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02/23/10: Condo Associations Can Also Foreclose

Housing Counsel

By Benny L. Kass

Q: I am the President of a small (6 unit) condominium association here in the District of Columbia. Five of the unit owners religiously pay their monthly condo fee, but one does not. At the present time, she owes over $3,500. What options do we have? We understand that the unit owner is also delinquent on her mortgage payments. Can we foreclose on the unit, and if so, what do we have to do about the existing mortgage?

A: I have long maintained that associations should adopt a “zero tolerance” policy regarding condominium fees. You have to look at your association Bylaws; they will spell out how much advance notice must be provided to owners before any legal action can be taken. In some cases, only 30 days notice is needed, while in other associations, the notice requirement can be as high as 45 or 60 days.

Your association should adopt a collection policy. This will spell out the steps that the condominium will take when a unit owner is in arrears. If you do not have such a policy, you should consult an attorney who can assist you. I know that small associations are always reluctant to spend money on lawyers, but it is important to have a formal policy.

One defense unit owners can raise when confronted with any action taken by the board of directors is that the board is acting arbitrarily; I often hear owners complain that the board is “picking” on them, and not going after other owners with the same problems.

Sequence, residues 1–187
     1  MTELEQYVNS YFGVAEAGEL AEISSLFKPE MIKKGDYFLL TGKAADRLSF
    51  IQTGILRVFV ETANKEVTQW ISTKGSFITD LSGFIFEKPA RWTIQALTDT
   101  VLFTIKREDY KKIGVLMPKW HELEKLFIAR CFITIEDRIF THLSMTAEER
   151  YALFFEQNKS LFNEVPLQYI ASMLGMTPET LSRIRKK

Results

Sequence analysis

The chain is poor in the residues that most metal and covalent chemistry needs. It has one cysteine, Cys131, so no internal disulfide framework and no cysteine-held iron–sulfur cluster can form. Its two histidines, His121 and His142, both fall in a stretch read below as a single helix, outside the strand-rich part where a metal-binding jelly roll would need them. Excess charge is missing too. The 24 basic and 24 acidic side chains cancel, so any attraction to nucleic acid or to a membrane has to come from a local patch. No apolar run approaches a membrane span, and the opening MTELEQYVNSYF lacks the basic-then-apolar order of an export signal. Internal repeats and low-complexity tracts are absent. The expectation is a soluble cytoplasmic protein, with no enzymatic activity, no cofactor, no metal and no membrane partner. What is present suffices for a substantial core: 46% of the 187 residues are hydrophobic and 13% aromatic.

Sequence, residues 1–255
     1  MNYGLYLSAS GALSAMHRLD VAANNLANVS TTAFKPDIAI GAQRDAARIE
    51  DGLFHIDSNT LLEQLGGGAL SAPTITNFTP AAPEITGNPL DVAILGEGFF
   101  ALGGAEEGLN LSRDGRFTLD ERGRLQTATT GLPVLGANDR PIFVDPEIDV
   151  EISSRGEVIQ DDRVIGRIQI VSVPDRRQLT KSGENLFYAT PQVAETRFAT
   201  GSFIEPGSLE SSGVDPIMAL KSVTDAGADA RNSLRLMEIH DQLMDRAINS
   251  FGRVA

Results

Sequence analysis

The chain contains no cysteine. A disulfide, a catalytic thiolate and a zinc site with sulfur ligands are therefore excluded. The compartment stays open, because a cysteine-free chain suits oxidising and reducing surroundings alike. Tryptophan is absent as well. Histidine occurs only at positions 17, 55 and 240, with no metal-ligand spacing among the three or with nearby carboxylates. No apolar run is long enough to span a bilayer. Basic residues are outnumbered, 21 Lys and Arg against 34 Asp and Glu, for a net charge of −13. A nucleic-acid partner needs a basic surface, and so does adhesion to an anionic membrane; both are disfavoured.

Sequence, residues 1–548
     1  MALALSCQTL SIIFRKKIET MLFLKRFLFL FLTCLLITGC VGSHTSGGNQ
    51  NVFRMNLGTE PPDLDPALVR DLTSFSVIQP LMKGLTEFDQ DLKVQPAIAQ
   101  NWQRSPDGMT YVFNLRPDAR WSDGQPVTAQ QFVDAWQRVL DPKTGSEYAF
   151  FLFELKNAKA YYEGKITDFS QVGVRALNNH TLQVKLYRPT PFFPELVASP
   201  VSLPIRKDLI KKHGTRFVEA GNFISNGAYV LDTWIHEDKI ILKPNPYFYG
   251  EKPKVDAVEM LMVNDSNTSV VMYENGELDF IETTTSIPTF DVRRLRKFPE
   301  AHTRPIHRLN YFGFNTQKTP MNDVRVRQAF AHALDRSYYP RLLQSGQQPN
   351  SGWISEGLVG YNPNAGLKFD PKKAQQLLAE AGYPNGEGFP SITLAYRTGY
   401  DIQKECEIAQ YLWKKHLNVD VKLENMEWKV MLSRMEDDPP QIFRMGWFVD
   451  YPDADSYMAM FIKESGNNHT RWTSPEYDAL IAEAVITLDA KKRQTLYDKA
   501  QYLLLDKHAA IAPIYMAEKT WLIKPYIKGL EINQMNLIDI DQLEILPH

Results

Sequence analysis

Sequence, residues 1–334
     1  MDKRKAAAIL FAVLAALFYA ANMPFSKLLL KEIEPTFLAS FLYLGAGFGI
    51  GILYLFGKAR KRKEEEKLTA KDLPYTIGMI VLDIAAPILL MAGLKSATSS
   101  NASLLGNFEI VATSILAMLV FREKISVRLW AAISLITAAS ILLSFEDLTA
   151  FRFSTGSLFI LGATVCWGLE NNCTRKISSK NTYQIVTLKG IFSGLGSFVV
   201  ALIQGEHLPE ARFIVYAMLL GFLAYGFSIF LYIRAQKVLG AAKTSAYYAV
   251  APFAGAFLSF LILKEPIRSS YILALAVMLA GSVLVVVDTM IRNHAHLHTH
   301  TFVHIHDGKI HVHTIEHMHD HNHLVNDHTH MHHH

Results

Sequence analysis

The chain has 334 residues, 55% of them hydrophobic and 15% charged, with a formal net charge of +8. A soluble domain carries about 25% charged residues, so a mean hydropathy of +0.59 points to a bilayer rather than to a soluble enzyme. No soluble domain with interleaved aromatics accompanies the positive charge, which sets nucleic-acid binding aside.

And that will be a good defense should the matter go to court. A formal collection policy will resolve this – assuming of course that the board consistently adheres to that policy.

If you have a property manager, he/she should immediately send a letter of demand, explaining that the unit owner owes X number of dollars, and that legal action will be taken if payment is not made immediately. If there is no manager – and many small associations opt to self-manage – the President or Treasurer of the association should send that letter.

Once you have complied with the notice requirements, and if the owner still has not made any payment, the board has two alternatives.

First, it can file suit in the Small Claims Court of the District of Columbia. The jurisdictional amount there is $5,000, so do not let the amount owed go over that limit. Otherwise, you will have to sue in the Superior Court and that is much more expensive and takes a long time before any court order will be obtained. Usually, if you file in the Small Claims Court, you will be before a Judge (or a Magistrate) within 30-60 days.

You will need legal counsel to assist you with this lawsuit. From my experience, once a unit owner knows that you are serious and have filed suit, a settlement is often reached. Typically, the unit owner agrees to start making future payments on a timely basis, and will also start making additional payments so as to pay off the arrears.